Diophantine equations in relation to modular arithmetic

Here are some of the known definitions:

$$a \equiv b \pmod m$$ $$a -b =km \Rightarrow a=km+b$$

Now we also have:

$$ax = b \pmod m \Rightarrow ax+my=b$$

I'm having a little trouble relating all of this because if we take for example: $3x \equiv 7\pmod 4$ and if we use : $a -b =km$, shouldn't we have: $3x-4k=7$ for some integer $k$ ? I'm trying to see how $ax+my=b$ comes to be...

• And there are such integers, such as $x=1, k=-1$, and many other pairs. – André Nicolas Sep 18 '13 at 18:07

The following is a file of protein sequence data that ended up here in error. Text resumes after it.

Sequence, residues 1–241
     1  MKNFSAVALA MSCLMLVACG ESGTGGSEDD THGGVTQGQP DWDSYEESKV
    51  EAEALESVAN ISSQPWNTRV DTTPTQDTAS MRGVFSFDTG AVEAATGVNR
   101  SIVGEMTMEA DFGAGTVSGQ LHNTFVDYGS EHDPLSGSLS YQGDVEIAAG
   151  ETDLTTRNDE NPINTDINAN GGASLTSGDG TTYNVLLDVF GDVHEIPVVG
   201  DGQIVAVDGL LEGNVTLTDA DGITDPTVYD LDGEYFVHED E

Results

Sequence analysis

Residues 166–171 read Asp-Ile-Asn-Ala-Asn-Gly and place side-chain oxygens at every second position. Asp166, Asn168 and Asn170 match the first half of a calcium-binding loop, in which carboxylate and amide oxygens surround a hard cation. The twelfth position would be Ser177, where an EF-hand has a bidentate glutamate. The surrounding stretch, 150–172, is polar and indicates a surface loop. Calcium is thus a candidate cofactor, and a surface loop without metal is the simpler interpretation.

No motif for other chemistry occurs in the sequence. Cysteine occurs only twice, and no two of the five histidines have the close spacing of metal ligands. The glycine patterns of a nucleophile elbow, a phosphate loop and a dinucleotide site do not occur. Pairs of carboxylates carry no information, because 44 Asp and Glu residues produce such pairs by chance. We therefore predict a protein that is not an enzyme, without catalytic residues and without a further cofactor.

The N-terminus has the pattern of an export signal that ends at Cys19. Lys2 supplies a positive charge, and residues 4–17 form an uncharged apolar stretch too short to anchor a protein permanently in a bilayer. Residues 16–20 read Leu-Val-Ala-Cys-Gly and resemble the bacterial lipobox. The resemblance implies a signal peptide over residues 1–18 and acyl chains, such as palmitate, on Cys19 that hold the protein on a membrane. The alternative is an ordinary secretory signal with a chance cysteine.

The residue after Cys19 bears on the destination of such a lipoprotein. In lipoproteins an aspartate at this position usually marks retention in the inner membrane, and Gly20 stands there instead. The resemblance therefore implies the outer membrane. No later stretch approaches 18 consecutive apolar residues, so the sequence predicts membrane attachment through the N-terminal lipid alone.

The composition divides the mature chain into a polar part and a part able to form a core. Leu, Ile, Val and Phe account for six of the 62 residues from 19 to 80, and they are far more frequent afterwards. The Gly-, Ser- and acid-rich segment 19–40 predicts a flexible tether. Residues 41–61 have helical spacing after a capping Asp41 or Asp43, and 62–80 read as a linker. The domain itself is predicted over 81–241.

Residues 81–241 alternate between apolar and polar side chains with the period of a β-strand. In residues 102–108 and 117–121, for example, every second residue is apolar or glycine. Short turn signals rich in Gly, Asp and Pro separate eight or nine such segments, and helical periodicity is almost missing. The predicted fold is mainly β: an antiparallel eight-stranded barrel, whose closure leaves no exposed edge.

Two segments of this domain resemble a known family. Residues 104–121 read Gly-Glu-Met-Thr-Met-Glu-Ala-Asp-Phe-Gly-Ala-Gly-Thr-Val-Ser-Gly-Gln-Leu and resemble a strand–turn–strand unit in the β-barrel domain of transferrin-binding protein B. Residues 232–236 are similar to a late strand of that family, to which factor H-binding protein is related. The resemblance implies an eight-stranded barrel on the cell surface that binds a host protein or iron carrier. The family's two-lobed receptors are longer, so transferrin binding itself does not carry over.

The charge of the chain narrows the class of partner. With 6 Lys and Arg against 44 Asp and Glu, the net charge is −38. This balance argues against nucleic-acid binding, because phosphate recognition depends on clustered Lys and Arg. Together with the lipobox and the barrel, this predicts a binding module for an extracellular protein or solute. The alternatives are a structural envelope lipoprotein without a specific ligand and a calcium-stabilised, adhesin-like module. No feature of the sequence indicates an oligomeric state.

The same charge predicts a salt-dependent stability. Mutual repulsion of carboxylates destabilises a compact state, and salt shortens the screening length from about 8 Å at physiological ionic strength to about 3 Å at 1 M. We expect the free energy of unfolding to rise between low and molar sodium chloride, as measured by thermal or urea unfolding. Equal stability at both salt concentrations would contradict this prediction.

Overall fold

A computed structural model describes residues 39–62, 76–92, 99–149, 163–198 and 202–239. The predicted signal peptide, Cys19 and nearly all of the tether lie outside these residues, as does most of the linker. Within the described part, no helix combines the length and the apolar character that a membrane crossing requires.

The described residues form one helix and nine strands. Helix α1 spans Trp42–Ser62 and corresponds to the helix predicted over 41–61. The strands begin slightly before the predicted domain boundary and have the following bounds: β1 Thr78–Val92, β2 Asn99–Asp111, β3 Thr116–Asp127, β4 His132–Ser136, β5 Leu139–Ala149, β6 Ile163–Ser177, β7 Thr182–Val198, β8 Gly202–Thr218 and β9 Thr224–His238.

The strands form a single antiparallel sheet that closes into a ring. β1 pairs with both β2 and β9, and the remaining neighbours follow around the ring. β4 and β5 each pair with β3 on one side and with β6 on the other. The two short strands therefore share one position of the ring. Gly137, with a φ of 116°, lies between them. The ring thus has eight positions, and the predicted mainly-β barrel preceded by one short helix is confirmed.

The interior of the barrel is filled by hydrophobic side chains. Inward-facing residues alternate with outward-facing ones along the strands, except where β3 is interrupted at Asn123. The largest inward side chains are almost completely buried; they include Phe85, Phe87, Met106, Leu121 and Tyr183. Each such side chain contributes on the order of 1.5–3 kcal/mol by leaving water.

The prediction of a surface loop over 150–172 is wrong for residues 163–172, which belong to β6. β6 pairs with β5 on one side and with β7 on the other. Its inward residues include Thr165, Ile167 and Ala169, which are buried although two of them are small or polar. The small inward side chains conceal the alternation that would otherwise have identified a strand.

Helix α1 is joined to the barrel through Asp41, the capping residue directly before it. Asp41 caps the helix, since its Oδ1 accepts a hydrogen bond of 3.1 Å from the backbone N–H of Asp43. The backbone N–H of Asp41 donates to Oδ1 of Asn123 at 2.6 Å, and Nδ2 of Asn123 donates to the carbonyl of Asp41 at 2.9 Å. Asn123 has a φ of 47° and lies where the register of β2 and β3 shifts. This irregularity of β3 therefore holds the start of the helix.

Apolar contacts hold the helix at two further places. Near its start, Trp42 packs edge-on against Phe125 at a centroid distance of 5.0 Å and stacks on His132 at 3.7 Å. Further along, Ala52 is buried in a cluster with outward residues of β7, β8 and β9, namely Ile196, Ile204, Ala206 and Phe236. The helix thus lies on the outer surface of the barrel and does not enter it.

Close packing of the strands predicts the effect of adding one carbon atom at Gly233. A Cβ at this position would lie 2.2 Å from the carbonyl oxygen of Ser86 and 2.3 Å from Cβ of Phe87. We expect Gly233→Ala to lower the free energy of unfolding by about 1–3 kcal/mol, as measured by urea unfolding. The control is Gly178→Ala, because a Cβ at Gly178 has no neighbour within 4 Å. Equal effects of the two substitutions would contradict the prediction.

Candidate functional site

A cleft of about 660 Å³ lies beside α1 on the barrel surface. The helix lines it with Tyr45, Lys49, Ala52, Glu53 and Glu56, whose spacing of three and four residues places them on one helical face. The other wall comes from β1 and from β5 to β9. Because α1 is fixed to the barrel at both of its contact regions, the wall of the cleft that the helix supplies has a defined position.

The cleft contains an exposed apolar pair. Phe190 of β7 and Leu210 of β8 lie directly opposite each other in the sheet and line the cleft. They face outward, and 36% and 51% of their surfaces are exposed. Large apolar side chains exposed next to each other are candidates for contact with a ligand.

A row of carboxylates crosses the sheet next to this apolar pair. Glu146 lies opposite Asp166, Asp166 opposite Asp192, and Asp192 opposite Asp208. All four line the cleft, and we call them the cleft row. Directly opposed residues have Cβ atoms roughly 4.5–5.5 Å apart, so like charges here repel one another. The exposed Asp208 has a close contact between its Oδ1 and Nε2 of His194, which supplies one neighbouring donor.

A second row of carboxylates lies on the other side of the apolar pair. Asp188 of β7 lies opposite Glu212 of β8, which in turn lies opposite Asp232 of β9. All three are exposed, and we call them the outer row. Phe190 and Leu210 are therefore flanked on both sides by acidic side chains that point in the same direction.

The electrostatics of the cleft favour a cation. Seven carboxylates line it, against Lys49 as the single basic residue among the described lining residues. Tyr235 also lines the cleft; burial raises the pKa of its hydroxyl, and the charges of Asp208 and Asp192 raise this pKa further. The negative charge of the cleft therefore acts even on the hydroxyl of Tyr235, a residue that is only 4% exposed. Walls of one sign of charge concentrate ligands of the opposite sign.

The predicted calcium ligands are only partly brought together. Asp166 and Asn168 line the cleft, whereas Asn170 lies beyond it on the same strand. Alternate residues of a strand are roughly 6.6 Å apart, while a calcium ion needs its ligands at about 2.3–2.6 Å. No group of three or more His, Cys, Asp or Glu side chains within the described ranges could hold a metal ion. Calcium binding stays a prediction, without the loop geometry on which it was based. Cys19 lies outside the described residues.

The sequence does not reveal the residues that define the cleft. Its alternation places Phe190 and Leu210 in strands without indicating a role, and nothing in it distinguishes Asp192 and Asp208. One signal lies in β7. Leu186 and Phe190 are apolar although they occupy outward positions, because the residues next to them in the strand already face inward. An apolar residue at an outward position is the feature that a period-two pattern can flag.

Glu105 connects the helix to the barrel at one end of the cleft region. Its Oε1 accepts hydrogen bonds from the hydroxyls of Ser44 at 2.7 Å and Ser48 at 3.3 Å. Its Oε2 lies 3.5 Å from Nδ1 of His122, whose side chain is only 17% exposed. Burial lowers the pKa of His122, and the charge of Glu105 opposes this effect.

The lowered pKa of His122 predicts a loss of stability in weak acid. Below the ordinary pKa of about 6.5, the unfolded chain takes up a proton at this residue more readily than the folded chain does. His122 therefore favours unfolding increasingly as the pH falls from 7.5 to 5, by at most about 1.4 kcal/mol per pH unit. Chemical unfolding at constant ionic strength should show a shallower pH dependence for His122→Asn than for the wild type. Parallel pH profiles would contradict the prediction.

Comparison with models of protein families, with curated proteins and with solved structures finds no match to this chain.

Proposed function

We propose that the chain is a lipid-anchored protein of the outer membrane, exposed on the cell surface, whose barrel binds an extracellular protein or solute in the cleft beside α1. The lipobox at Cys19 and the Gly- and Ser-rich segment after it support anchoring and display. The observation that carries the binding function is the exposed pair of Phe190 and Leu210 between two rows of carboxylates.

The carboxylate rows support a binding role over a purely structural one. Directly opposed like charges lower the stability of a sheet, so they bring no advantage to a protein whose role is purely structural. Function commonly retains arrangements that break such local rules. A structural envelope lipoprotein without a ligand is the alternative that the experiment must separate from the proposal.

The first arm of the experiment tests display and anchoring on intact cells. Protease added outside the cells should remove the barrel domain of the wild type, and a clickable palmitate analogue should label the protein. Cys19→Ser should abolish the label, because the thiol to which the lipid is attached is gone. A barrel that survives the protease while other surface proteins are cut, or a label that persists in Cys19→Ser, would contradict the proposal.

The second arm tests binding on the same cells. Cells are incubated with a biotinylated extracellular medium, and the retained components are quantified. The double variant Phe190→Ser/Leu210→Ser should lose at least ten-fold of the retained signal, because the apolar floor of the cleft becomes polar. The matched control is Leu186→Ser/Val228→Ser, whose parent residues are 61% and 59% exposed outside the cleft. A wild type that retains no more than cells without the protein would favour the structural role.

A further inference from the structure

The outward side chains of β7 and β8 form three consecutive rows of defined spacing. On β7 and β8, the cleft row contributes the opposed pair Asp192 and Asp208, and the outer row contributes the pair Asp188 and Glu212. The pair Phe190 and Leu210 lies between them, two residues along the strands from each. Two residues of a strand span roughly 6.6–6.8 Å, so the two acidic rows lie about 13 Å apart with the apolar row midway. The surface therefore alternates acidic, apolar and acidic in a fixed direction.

If $a\equiv b\pmod m,$

$ax\equiv b\pmod m\equiv a=k\cdot m+a$ where $k$ is any integer

$\implies a(x-1)=k\cdot m\implies x-1=\frac{k\cdot m}a$

If $\frac a A=\frac mM=d$ where $d=(a,m)$

$x-1=k\frac MA\equiv0\pmod M$ as $A$ must divide $k$ as $(A,M)=1$

$$\implies x\equiv 1\pmod{\frac m{(m,a)}}$$

• Here $a=3,m=4\implies (a,m)=1$ – lab bhattacharjee Sep 18 '13 at 18:14